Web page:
78,037,000,000,000 Armenian Drams
China’s e-commerce market racked up a whopping 1.3 trillion RMB (78,037,000,000,000 AMD or $190 billion USD) worth of transactions in 2012, according to a report by the China Internet Network Information Center (CNNIC) (linked article is in Chinese), an increase of 66.5 percent over 2011′s total. With that growth rate, China will surpass the United States as the largest e-commerce retail market in the world. The question is what are Armenian companies doing about it? Are they laying the foundation and building relationships needed to be successful in years to come? Are they just thinking it is too strange and difficult, so just keep with the safe and familiar “Western” market? The first step is to acknowledge China and to learn about it. This article is the first step in Armenian business expanding to the Chinese market - it provides awareness.
Last year, 140 million Internet users purchased goods online, and e-commerce transactions accounted for 6.1 percent of total retail sales of consumer goods.
The growth was driven in large part by mobile users: during the last half of 2012, 40.7 percent of online shoppers used a mobile device to browse e-commerce merchandise. More than half–53.6 percent–browsed a merchandiser’s mobile app instead of accessing its main Web site through their device’s Internet browser. 53.3 percent of the respondents who used their mobile devices to shop said they did so while at home, and many stated that their smartphones had begun to replace their home PCs. 26.2 percent said they browsed items on their smartphones while at work or school, and 10.6 percent said they spent time with their smartphones during their commutes or time waiting in queues to shop.
In addition to mobile, social media platforms also drove e-commerce sales. 41.8 percent of shoppers said they had first seen information or promotions for a product on a social media site before deciding to purchase it.
Each shopper spent an average of 5,203 RMB (about 346,238 AMD or $843 USD), an increase of 25 percent, from the year before. According to the report, the most frequently purchased items were clothing and shoes, which 81.8 percent of online shoppers bought during the last six months of 2012. General merchandise accounted for 31.6 percent of sales, while consumer electronics made up 29.6 percent of the total.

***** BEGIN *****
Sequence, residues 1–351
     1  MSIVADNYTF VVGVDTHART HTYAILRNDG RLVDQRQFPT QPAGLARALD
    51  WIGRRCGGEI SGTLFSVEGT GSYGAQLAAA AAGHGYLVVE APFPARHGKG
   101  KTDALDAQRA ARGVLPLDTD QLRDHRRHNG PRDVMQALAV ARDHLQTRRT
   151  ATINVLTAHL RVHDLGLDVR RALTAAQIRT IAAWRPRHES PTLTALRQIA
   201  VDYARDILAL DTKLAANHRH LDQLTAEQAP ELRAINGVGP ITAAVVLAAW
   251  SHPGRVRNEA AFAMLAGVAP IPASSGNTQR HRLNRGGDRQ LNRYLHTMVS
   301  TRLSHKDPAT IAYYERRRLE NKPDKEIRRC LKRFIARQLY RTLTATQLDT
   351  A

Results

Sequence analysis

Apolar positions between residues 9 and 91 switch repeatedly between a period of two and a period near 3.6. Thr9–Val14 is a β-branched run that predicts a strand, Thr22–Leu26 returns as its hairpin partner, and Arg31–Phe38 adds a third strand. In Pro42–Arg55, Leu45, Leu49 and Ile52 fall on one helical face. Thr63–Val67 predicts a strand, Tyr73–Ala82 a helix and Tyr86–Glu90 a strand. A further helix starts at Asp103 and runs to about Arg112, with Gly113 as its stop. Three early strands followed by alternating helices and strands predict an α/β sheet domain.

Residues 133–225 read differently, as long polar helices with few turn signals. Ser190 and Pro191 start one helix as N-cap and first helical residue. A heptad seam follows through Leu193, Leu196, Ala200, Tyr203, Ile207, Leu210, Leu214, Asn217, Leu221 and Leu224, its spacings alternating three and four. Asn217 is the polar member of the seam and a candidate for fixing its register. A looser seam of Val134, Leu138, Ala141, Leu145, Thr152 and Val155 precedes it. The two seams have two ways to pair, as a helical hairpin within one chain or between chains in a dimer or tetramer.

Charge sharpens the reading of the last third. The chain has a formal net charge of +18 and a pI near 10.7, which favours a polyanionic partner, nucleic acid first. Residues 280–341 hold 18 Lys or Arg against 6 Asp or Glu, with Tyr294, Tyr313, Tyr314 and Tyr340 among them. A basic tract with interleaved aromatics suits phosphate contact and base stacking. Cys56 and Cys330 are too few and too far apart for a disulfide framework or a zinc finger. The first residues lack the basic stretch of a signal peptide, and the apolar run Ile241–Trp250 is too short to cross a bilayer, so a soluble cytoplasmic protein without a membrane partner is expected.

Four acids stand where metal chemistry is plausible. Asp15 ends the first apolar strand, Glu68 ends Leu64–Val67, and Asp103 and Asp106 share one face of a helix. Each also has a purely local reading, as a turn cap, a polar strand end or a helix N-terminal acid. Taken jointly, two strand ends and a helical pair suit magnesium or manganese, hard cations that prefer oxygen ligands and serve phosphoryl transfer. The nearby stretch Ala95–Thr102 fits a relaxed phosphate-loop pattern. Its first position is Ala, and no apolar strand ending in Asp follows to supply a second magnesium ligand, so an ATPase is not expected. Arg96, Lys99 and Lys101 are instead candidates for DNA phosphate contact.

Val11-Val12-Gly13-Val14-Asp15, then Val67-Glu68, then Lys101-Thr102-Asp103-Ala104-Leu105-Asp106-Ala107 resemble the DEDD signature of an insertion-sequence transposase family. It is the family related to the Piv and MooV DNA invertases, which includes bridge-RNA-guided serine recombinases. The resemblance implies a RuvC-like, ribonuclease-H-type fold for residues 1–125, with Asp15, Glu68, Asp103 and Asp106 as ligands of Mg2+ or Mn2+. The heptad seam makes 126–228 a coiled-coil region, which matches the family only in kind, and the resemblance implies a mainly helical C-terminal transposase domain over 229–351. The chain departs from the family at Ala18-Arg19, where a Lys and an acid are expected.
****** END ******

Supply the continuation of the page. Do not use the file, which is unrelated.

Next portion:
The Major Players
The vast majority of online transactions in China — 85% as of 2009 — take place between consumers, according to AT Kearney’s estimates. Approximately 90% of those transactions are executed on Alibaba-owned Taobao, frequently described as the “eBay of China.”
Like eBay, users on Taobao can purchase and sell new and used goods at fixed or negotiated prices, as well as through auction-style listings. Unlike eBay, most goods are new, and there are no listing or transaction fees — the majority of Taobao’s revenue comes from advertising. Next year, the company will bring in $716 million in pre-tax earnings and will be worth $14.3 billion.
While the latest figures from CNNIC are impressive, China’s e-commerce market still has plenty of room to grow and is set to overtake America’s. As this Economist story notes, the Chinese e-commerce market is currently dominated by Alibaba, which last year handled 1.1 trillion yuan ($170 billion USD) in sales through two of its portals, Taobao and Tmall, and is on its way to becoming the first online retail company in the world to handle $1 trillion a year in transactions. Taobao is a C2C marketplace with more than 800 million product listings and 500 million registered users, according to Alibaba. B2C platform Tmall counts major international brands like Microsoft, Nike and Unilever among its 50,000 merchants.
Social Media’s Role
Because Chinese consumers distrust advertising and news sources, recommendations from online reviewers and peers on social networks have heightened roles.
Ninety-five percent of Internet users living in Tier 1, 2 and 3 cities in China are registered on at least one social media site, according to a study released by McKinsey in April. They’re active, too: 91% of the survey’s 5,700 respondents said they had visited a social media site in the previous six months, compared to 67% in the U.S. and 30% in Japan. They spend 46 minutes per day on social media sites, compared to 37 minutes in the U.S. and seven minutes in Japan.
More than 40% of online shoppers in China consume and post product reviews online — about double the percentage of online shoppers in the U.S., according to BCG. Why the distrust of advertising? Advertising is associated with [government] propaganda, Social media is the people.
In terms of volume of users, MySpace-like Qzone leads with 536 million, followed by microblogging platforms Tencent Weibo (310 million) and Sina Weibo (250 million), according to a November 2011 report from we are social. Renren, a Facebook-like site particularly popular among students, has 137 million users. Kaixin, another Facebook-like site popular especially among white collar office workers, has 116 million. Demographics vary among networks: Consumers who identify Sina Weibo as their favorite site tend to have higher incomes and are more likely to live in Tier 1 cities, McKinsey finds.
McKinsey believes that social media has a greater influence on purchasing decisions for consumers in China than for anywhere else in the world. “People rely more on word-of-mouth from friends, family and key opinion leaders, many of whom share information on social media,” the study reads. But many companies in China have yet to leverage social media properly. There’s a lack of familiarity with online social platforms because they are Chinese only, and not used in the West.